James, writing about the God who gives perfect gifts to His children, says this about Him: “There is no variation or shifting shadow.” The use of the words variation and shifting is interesting. In using these words, James is probably referring to the sun, which because of the Earth’s rotation, “varies” its position in the sky throughout the day. This variation in position results in shifting shadows on earth. It’s a great illustration because we have all seen shadows and we have all witnessed the shifting of shadows brought about by the varying position of the sun throughout the day. But James reminds us it is not like this with God. God is the “Father of lights,” meaning He is the Creator of the sun and stars—the heavenly bodies that give off light. And unlike these heavenly bodies that are constantly changing or appearing to change, the “Father of lights” does not change. He is faithful and with Him, “there is no variation or shifting shadow.” This is in perfect agreement with Malachi 3:6, which says, “For I, the Lord, do not change.” Because God does not change, we can count on Him to be faithful—always! The same thought is captured in Psalm 100:5, “For the Lord is good; His lovingkindness is everlasting, and His faithfulness to all generations.” This basically means His truth endures. Because His truth endures, because He is faithful and forever will be, the Bible says, “And without faith, it is impossible to please Him, for he who comes to God must believe that He is and that He is a rewarder of those who seek Him” (Heb. 11:6). Because God always has been, and forever will be, faithful, we can believe Him. Abraham did, and the Bible says, “It was credited to Him as righteousness” (Rom. 4:3). Sarah believed because, “she considered Him faithful who had promised” (Heb. 11:11). This is the Word of the Lord!
I do not know what is transpiring in your life right now. I only know what is going on in my own. But this much I do know—God always has been, and forever will be, faithful! When God told Joshua to meditate upon His Word (Joshua 1:8), He was basically charging Joshua to meditate upon His faithfulness. Joshua was about to embark on the greatest challenge of His life—leading the children of Israel into the Promise Land. He needed to be assured of God’s faithfulness. The Psalmist wrote, “Oh how I love Your law! It is my meditation all the day” (Ps. 119:97). Only those who love the Word of God and endeavor to meditate upon and obey it will believe God. And only those who meditate upon God’s faithfulness can face the uncertainties, challenges, and circumstances that life throws our way. Remember, no matter what happens in this life, God is faithful—He always has been, and He forever will be, faithful! No changes on this earth can cast a shadow on the unchanging Father of lights. “In the same way God, desiring even more to show to the heirs of the promise the unchangeableness of His purpose, interposed with an oath, so that by two unchangeable things in which it is impossible for God to lie, we who have taken refuge would have strong encouragement to take hold of the hope set before us. This hope we have as an anchor of the soul, a hope both sure and steadfast and one which enters within the veil, where Jesus has entered as a forerunner for us” (Heb. 6:17-20).
"And they overcame him because of the blood of the Lamb and because of the word of their testimony, and they did not love their life even when faced with death" (Revelation 12:11). As we near the end of the age, persecution and even martyrdom of Christians will increase dramatically. Those of us living in the United States won’t be exempt. In fact, we are already witnessing an increase in persecution. The time to prepare for this eventual reality is now. Make sure you are thoroughly grounded in the faith. Make sure you know what you believe and why you believe it. Make sure you are truly of the faith. Make sure you are an overcomer! Otherwise, when persecution comes—particularly persecution with the threat of death—you will run the risk of denying and bringing shame to the name of Christ. Such denial may indicate another reality—that you do not belong to Christ. Therefore, it is imperative that we understand what the Bible says about those who overcome. Revelation 12:11 give us three marks of an overcomer. All three are true in the life of one who has truly been saved by the grace of God through faith in the Son of God.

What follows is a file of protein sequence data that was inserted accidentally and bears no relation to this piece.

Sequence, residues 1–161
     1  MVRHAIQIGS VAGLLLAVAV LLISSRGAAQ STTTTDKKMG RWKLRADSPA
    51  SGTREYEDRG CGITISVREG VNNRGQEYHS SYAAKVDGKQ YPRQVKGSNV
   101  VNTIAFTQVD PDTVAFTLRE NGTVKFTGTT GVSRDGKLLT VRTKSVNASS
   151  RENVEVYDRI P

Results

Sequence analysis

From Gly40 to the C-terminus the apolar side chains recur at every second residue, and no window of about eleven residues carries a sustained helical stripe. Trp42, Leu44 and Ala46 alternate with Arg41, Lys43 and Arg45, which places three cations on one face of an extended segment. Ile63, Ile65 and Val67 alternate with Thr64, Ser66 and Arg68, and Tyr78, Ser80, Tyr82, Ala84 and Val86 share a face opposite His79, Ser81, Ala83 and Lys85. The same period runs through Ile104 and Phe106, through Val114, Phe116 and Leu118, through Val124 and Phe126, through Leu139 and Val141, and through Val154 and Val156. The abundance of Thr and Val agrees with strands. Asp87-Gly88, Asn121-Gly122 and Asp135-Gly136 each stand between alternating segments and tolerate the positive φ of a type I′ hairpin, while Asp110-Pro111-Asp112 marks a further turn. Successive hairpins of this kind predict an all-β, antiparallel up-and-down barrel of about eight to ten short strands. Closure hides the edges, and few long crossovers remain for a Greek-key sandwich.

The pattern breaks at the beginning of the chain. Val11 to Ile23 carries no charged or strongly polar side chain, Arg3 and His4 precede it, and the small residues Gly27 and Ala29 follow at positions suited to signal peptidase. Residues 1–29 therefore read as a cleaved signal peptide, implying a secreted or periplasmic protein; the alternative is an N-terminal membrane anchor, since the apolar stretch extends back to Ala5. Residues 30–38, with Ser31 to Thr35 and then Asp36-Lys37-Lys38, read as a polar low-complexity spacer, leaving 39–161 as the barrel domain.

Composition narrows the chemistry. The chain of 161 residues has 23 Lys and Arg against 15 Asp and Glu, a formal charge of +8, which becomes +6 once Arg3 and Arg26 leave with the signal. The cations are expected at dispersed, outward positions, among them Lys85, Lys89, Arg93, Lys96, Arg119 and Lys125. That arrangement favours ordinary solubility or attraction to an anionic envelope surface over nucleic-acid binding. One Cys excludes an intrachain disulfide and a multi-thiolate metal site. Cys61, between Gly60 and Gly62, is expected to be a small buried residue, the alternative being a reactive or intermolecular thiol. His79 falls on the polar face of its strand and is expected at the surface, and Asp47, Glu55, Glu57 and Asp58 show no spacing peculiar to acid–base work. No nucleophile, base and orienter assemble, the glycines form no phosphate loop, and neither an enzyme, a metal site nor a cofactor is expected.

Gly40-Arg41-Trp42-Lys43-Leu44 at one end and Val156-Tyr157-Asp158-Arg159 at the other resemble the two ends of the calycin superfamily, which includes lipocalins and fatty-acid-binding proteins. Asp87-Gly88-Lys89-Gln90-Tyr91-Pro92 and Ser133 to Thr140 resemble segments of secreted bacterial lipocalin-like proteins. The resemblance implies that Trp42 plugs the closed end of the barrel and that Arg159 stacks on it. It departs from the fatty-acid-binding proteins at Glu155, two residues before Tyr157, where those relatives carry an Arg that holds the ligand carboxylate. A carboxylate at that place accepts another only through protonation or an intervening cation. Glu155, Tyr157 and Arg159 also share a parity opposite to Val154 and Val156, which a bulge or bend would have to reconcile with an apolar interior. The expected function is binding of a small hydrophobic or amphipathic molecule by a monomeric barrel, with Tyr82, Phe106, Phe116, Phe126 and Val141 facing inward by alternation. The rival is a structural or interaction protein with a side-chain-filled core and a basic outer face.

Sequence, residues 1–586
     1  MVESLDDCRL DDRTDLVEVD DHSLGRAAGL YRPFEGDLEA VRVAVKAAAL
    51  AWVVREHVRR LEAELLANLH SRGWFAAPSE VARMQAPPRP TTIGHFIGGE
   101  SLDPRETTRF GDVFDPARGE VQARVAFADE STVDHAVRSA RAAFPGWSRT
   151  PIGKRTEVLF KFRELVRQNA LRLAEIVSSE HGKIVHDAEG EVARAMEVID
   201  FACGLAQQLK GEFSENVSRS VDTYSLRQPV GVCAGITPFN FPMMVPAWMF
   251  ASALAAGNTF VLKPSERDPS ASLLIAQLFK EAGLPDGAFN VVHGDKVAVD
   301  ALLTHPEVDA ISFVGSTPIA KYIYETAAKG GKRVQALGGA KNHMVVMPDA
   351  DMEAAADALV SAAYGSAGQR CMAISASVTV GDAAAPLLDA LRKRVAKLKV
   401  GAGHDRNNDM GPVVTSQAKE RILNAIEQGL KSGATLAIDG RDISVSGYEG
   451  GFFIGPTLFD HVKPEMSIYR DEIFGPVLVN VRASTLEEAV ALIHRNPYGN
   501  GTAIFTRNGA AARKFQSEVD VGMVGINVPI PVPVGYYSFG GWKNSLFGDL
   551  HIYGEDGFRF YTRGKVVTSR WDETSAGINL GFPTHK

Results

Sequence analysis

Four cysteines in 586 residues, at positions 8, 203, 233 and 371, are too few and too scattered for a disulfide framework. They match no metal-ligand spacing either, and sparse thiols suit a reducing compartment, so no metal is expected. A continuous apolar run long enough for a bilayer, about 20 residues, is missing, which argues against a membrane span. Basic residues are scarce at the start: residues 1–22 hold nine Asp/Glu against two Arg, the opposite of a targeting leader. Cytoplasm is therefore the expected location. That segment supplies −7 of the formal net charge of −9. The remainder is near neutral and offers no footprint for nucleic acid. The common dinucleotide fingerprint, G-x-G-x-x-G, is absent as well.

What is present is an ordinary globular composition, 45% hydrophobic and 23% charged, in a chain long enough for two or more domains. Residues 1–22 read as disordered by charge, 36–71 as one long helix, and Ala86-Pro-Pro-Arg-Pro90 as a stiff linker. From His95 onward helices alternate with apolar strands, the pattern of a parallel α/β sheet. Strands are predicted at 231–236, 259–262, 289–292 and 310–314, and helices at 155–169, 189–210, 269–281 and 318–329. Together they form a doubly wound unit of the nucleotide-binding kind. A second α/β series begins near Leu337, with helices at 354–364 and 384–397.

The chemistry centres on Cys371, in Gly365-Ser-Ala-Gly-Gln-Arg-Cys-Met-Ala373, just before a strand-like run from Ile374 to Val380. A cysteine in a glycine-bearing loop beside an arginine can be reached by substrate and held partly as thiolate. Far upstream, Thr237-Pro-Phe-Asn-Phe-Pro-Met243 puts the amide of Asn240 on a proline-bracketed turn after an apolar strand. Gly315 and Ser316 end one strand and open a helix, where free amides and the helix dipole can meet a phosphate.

John writes, "And they overcame him because of the blood of the Lamb." In a previous article I pointed out the Greek word for overcame is the word nikao, meaning "to come off victorious." True Christians are, by nature, overcomers. But we don’t overcome in our own strength and energy. We overcome "because of the blood of the Lamb." Satan is our accuser. Yet, because of the blood of the Lamb, his accusations cannot stand. Paul wrote, "Who will bring a charge against God’s elect? God is the one who justifies" (Rom. 8:33). We are justified through the shed blood of Jesus Christ. The blood emphasizes the death of Jesus. He died so that we might live. We are forgiven because of His shed blood. No accusation can stand against those whose sins have been forgiven! Because Christ was victorious, His victory is our victory. So the first defining mark of an overcomer is that they belong to Christ, having been washed by the blood of the Lamb. Secondly, John writes that we overcome the enemy, "because of the word of [our] testimony." My testimony is not walking a church aisle and praying to receive Christ. My testimony is the fact that I have been born again by grace through faith and that I continue to walk in newness of life. In other words, my testimony is a changed life! I no longer embrace my sin, but rather, I embrace Christ! Your testimony overcomes Satan’s deception. Paul could write, "I know whom I have believed and I am convinced that He is able to guard what I have entrusted to Him until that day" (2 Tim. 1:12). The writer of Hebrews echoed that truth by writing, "Therefore He is able also to save forever those who draw near to God through Him, since He always lives to make intercession for them" (Heb. 7:25). The King James says it this way: "He is able also to save them to the uttermost." We are saved to the uttermost! This is the testimony of the believer and it is this testimony we share with others and is the living evidence of a changed life. I cannot emphasize this changed life enough! Finally, John says we overcome because, "[we do] not love [our] life even when faced with death." Overcomers are willing to make any sacrifice, including death. Jesus said, "If anyone wishes to come after Me, he must deny himself, and take up his cross daily and follow Me" (Luke 9:23). Willingly dying for the cause of Christ is the ultimate in self-denial. Like Christ, we should all be willing to be "obedient to the point of death" (Phil. 2:8). However, self-denial begins with repenting of my sin and turning to Christ. It is an ongoing condition and lifestyle whereby I choose Christ over all else—especially self. Such a life is not easy but it is eternally rewarding. If we refuse to cling to our earthly lives, then there really is no threat Satan can bring against us. If the enemy kills you because of your faith in Christ, what else can they do (see Luke 12:4)?